And Sonia is Mediterranean.  I really like her – but the instructions are kind of vague and the timetable far more flexible than she seems to think.  Yesterday we were at the Temple of Karnak.  You may have heard of it.  I definitely had.  But all these things are just random names.  I don’t know any details.  But apparently the “Hypostyle Hall” in the Temple of Karnak is an incredible forest of giant pillars, covering an area larger than the whole of Notre Dame Cathedral.

So far everywhere that we have been is astonishing.  Hypostyle Hall was incredible but we were there midday, not a photographer’s delight.  I WAS listening for quite a while but so was everyone else and it was hard to get a photo without a bunch of random heads in it.  So I got obsessed with trying to get the right photo and figured it would be easy to catch up to the group.

I spied a couple of other people from our team also taking photos so figured it was fine… but then I looked up and they were gone.  Earlier Sonia had stressed we had to leave by 11:35 and it was pretty close to that so naively I thought if I wandered out the temple to the entry point I would catch up with the group.  Having been abandoned in Pompeii some years ago, I knew it was possible.  But it didn’t seem A&K’s style.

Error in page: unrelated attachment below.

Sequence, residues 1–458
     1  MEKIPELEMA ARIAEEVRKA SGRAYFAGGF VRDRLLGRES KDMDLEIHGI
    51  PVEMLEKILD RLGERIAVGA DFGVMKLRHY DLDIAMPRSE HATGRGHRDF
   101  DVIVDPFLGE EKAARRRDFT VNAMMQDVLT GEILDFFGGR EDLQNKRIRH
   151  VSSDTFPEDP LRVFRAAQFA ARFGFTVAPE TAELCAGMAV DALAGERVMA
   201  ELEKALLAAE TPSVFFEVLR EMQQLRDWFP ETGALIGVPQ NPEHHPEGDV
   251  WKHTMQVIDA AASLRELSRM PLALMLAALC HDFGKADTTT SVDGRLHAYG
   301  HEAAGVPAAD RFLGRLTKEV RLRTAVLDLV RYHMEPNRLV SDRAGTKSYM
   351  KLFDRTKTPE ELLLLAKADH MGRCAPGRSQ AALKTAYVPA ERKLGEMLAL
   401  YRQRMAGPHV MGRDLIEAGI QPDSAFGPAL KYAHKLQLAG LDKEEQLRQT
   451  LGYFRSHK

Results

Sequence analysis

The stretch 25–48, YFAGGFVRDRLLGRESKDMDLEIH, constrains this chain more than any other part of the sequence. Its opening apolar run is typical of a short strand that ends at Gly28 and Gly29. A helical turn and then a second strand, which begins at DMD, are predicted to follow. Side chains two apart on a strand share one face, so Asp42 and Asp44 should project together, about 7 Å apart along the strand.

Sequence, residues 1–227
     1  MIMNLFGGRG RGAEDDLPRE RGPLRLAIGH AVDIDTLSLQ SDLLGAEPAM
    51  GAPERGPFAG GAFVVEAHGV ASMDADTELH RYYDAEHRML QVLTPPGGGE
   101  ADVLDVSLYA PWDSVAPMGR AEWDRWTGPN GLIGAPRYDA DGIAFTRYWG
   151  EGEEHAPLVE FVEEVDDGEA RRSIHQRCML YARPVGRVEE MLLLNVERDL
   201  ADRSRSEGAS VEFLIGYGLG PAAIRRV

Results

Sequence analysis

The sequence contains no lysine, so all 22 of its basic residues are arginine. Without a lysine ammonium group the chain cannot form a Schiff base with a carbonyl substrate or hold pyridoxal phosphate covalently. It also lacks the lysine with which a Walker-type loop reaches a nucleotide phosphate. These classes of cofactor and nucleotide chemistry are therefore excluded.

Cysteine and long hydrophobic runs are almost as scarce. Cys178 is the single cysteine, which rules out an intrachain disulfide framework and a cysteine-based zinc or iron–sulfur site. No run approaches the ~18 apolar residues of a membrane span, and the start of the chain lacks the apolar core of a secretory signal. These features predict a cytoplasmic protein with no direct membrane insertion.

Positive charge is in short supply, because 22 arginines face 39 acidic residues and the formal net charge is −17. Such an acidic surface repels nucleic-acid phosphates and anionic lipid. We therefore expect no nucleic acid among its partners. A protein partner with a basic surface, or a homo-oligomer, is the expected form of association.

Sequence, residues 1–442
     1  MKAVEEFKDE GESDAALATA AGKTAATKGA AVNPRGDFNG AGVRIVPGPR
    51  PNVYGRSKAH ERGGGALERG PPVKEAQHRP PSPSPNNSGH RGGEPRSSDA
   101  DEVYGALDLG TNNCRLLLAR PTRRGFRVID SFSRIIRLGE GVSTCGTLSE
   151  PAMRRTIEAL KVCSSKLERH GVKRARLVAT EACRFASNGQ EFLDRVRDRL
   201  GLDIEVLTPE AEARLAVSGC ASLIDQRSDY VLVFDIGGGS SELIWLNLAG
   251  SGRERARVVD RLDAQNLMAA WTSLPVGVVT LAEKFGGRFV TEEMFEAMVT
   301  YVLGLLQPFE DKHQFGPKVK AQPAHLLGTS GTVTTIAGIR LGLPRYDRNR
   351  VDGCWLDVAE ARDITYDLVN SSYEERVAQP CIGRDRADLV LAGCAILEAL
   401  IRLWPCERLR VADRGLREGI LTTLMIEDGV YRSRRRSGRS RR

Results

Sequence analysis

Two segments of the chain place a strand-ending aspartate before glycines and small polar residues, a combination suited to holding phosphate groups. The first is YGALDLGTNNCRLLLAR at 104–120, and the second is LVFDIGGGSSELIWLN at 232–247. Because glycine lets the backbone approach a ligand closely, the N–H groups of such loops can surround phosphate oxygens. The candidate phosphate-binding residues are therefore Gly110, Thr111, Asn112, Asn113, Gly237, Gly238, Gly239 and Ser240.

But I believed Sonia’s timetable so thought they must be ahead of me, not behind.  So I was running through the midday sun in the desert (it was about 43 degrees!), fighting off aggressive merchants and hoping I remembered the way back to the bus (it was a long, circuitous route).  I arrived at the bus unscathed at the time we supposedly had to leave for the boat.  But I was the only one there!

I realized this might be a bad thing – and Sonia might be looking for me back at the temple.  I asked the driver to call her and tell her I was on the bus.  He assured me he would.  Then I waited… and waited… I asked him to call her 4x – and by time 3 I brought her contact sheet from the A&K info (with her photo :)) and my phone and gestured what to do as I was pretty sure he didn’t speak English and was just agreeing with me without understanding what I had said.  I did eventually get him to call her but he just said she wasn’t answering her phone.  And wouldn’t call again.

It all seemed pretty silly to me.  I gather a search party had been organized – and I think I messed up the schedule a bit.  BUT if we had BEEN on schedule, it would all have been fine.  And why wouldn’t you train the guide to call the bus FIRST – or the bus driver to call the guide when some random passenger showed up early?  The difference between Africa and North America…

At least I think my photos are pretty good and once I have proper internet access I will post them so you can see if you agree 🙂  More African adventures to come…